Gulf of Mexico oil concessions annulled

U.S. judge invalidates sale of Gulf of Mexico oil and gas concessions due to climate impact


A U.S. judge has invalidated the results of a sale of oil and gas concessions in the Gulf of Mexico by the Biden administration late last year for failing to take into account the impact of climate change.

Environmental groups hailed the decision as a key victory in the fight to defend Gulf communities and the planet from the worsening climate crisis.

Held in November 2021, Lease Sale 257 was the largest offshore oil and gas sale in U.S. history, offering 80.8 million acres in the Gulf of Mexico for lease. It generated more than $191 million in high bids for 308 tracts covering 1.7 million acres. A total of 33 companies participated in the lease sale.

The lease sale was challenged by the environmental group Earthjustice on behalf of Healthy Gulf, Center for Biological Diversity, Sierra Club and Friends of the Earth, alleging that the federal defendants violated the National Environmental Policy Act (NEPA) and the Administrative Procedure Act (APA). The lawsuit argued that the 2017 environmental analysis relied upon by the Biden administration to conduct the sale is “fatally flawed.”

“Not only was the sale contrary to the administration’s pledge to reduce carbon emissions by 50% to 52% by 2030 and meet our climate commitments, it is unlawful and based on a previously discredited environmental analysis,” Earthjustice said.

In the decision, Judge Rudolph Contreras of the U.S. District Court for the District of Columbia vacated and remanded BOEM’s 257 lease sale. The court finds that BOEM acted arbitrarily in excluding outdoor consumption from its emissions analysis.

According to the environmentalists, the court holds that the Interior Department failed to accurately disclose and account for the greenhouse gas emissions that would result from the lease sale, violating a fundamental environmental law.

In response to the court’s decision, environmental groups said the decision holds Interior accountable for severely underestimating climate impacts and risks to Gulf communities before deciding on the largest oil and gas lease sale in U.S. history. This ruling ensures that waters and coastlines will be protected from further harmful drilling and eventual spills in the Gulf, where the fossil fuel industry already holds 8 million acres of leases in public waters.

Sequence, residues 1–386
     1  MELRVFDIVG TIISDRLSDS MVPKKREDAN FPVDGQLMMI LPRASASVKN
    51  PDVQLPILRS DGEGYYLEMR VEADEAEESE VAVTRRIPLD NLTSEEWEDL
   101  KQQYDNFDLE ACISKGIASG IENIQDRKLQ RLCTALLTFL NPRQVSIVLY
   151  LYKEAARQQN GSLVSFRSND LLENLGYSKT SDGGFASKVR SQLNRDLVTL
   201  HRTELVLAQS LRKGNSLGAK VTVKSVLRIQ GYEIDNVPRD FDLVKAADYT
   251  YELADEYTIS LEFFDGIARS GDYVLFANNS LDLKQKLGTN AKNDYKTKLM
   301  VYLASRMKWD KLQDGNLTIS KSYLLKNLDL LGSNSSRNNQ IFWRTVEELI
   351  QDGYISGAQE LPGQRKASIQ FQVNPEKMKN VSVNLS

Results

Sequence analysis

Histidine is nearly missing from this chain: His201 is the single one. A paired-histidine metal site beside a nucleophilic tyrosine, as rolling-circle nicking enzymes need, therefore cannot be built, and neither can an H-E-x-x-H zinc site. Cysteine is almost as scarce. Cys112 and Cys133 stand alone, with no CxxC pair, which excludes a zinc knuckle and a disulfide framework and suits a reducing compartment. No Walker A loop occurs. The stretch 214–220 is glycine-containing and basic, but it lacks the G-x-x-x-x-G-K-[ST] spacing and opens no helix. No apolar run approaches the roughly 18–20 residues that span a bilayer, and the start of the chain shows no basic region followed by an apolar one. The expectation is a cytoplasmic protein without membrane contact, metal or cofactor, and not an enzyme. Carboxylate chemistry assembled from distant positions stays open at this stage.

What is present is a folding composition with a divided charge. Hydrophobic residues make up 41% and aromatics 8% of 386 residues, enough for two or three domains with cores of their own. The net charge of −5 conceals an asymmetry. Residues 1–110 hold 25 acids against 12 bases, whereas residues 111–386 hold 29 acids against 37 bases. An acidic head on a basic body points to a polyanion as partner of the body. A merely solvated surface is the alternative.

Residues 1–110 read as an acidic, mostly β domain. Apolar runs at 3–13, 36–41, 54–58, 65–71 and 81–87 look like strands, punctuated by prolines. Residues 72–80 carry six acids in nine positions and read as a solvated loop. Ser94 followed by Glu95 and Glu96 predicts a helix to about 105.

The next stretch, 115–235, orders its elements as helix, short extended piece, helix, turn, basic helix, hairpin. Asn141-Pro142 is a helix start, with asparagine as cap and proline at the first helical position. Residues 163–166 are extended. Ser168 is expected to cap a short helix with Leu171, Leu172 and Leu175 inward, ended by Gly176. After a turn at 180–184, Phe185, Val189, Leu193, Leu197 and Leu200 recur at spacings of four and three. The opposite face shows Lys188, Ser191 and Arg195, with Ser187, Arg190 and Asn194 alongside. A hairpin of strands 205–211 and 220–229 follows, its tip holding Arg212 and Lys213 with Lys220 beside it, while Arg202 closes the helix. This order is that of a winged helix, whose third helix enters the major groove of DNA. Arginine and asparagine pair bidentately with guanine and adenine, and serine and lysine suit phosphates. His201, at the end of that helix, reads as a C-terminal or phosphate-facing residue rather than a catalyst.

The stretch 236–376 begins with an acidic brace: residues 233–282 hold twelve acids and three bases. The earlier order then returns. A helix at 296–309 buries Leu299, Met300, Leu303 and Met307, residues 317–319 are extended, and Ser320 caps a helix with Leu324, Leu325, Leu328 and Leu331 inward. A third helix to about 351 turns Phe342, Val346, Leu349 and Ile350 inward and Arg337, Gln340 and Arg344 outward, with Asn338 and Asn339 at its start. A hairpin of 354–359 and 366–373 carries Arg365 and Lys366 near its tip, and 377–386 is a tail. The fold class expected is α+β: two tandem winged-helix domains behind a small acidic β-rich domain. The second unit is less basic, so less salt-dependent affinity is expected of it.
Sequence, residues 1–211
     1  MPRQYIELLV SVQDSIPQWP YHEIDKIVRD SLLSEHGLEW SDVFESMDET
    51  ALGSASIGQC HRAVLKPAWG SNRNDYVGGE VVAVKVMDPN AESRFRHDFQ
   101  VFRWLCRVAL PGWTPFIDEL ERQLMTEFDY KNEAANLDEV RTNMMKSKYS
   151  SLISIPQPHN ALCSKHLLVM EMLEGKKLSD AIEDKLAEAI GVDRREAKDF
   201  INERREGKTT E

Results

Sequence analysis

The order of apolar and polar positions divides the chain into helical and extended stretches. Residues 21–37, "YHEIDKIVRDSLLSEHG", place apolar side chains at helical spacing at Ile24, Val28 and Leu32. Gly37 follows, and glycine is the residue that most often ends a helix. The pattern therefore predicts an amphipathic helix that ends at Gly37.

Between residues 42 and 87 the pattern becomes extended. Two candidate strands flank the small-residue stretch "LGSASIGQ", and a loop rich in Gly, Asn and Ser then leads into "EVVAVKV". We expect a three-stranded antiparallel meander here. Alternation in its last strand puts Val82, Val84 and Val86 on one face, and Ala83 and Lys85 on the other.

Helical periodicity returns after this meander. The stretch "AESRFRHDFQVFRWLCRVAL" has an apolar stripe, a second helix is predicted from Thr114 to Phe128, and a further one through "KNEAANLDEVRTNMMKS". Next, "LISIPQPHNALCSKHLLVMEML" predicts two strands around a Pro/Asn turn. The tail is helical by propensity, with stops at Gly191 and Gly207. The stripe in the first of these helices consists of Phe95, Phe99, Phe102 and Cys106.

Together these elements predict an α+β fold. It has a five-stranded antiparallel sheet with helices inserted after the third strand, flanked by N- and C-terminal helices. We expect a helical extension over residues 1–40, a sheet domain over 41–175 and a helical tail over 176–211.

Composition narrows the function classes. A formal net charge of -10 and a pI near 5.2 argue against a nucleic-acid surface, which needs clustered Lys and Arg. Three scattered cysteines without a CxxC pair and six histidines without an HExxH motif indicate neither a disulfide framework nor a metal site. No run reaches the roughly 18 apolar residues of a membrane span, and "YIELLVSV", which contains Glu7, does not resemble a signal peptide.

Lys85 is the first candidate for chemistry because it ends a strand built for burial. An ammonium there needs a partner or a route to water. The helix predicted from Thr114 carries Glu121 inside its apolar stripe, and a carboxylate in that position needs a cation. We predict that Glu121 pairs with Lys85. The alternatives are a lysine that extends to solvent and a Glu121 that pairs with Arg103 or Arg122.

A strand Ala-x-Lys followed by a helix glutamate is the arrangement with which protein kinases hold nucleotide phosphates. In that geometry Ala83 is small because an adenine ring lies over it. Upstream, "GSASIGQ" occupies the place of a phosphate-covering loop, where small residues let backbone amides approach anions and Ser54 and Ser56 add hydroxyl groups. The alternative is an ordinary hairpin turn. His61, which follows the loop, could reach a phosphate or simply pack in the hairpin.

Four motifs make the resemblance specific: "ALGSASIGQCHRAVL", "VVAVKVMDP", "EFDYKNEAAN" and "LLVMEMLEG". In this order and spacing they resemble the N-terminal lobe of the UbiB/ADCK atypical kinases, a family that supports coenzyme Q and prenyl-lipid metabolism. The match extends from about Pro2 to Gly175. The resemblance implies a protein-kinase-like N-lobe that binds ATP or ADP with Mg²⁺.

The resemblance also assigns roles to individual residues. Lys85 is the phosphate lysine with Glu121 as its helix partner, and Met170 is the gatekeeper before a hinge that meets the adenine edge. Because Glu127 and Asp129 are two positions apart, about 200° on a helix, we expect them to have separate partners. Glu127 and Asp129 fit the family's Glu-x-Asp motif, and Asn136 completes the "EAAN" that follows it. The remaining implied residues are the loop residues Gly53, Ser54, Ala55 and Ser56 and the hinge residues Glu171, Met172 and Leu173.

Earthjustice senior attorney Brettny Hardy stated, “We simply cannot continue to invest in the fossil fuel industry to the detriment of our communities and the growing warming of the planet. This administration must rise to this critical moment and deliver on the campaign promises President Biden made by stopping offshore leasing once and for all.”

Cynthia Sarthou, executive director of Healthy Gulf, commented, “Today we can look forward to the day when we stop selling our public waters for pennies on the dollar when a just transition to a clean energy future is critical to our very survival. Now, the Gulf can be seen as a viable field for offshore wind energy that will power our future.”

Hallie Templeton, legal director of Friends of the Earth, stressed that the court’s decision is victorious, but the fight is not over yet. Templeton also noted that the groups will continue to hold the Biden administration accountable for making “illegal decisions” that contradict its promise to take urgent action on climate change.

Meanwhile, the oil and gas industry is disappointed with the decision. As reported by Reuters, the president of the National Ocean Industries Association (NOIA), Erik Milito, said that uncertainty surrounding the future of offshore drilling in U.S. waters could only strengthen the geopolitical influence of the most emitting – and adversarial – nations, such as Russia.

Source OffShore Energy
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